- A revitalisation of old and the introduction of new; orchards right across Scotland. Orchards should become the local focus for communities. Main-streaming local produce for all ages. All social groups – entrepreneurial-ism. Opportunities for new produce types. Enjoying local orchards. Wassailing events, poetry days, adopt-a-tree for children, schools etc
- Generating demand for Scottish fruit among commercial and private consumers, by reconnecting people with the cultural heritage and futures of scot lands orchards.
- Connection between groups. New generation of people who learned from community orchards
- Our orchards are loved, used and looked after by all. Fruit is used locally. Schools engage with orchards regularly and they become the focal point for the community.
- Scotland self sufficient in fruit grown in public space that’s used well and diversely grown.
- Scotland as a vibrant garden of Eden, planting growing enjoying consuming. Community assets.
- Scotland self sufficient in fruit. Under plant orchards with veg and chickens. Need change at population level in taste, culture, legislation – can follow examples from drink-driving and anti smoking campaigns
- Locally produced premium apples in good favourable locations
- Not necessarily commercial orchards – need small scale model across Scotland. Get people and kids involved so they feel part of it right from the start.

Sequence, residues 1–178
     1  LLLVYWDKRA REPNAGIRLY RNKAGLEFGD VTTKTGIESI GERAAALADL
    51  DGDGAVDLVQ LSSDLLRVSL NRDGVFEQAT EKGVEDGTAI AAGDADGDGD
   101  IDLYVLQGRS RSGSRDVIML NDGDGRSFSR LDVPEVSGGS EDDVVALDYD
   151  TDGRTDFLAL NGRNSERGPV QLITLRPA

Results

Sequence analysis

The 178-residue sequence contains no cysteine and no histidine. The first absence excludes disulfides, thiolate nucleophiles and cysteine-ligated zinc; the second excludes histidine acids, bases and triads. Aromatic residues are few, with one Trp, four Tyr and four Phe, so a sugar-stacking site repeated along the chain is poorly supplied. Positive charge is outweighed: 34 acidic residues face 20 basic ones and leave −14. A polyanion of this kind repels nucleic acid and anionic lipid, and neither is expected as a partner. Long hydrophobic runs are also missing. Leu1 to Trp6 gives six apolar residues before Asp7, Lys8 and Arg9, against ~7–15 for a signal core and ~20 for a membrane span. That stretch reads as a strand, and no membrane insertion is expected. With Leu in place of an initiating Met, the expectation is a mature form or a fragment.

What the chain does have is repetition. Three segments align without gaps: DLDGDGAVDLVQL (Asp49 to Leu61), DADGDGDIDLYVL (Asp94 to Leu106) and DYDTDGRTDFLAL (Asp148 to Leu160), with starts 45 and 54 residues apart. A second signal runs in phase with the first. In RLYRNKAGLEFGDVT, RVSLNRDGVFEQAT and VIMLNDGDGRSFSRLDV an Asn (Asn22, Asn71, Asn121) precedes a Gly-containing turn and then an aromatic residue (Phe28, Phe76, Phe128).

- Commercial production to be small farm shop type markets
- A community resource providing food and biodiversity, where fruits are valued and not wasted. A place of escape and replenishment available to all.
- Focus on community, especially children to appreciate source of fruit and diversity
- Historical perspective, local knowledge, education, seasonality, cooking
- Everyone in Scotland has access to Scottish orchard fruit. Every educational establishment has access to an orchard. Seasonal festivals and celebrations. Agroforestry
- Everyone in Scotland has access to Scottish fruit. Agroforestry becomes the norm. fruit production integrated with nuts and livestock
- More orchards, productive, fed communities, food security. Accessible, managed for the public to enjoy. Schools, hospitals, prisons. Therapeutic opportunities. Polyculture. Green gym. Fragrant species, mixed planting. Respect from younger generation. School outdoor classroom. Utilise underused common ground.
- Scottish apples in Scottish shops. Affordable.
- More orchards planted in hospitals and schools. More common ground used for orchards rather than being weed infested.
- Productive, managed, shared knowledge, connectivity, cooperatives, organisations
- People have access to their own, or community, orchard. They take responsibility for their orchard and share the resource
- Getting people interested in a variety of tastes and different types of locally grown fruits in Scotland Encouraging growing and selling and eating. Local shops, markets in short term.
- Commercial – community differential. Personal vision for all of us
- Revitalisation and new planting. Outlets for local varieties to restore their commercial viability. Involve children. Obliging supermarkets to provide a minimum quote of local produce
- Varieties, community resource and possibility of education and training skills, food production
- More fruit eaten from locally sourced crops. Orchards cared fro and managed as important shared family or community resource.
- Local fruit supplying local schools and shops. More adventurous varieties. Better use of existing trees. Cooking and eating apples in schools
- Skills, education, promotion of local varieties and encourage community and commercial enterprise.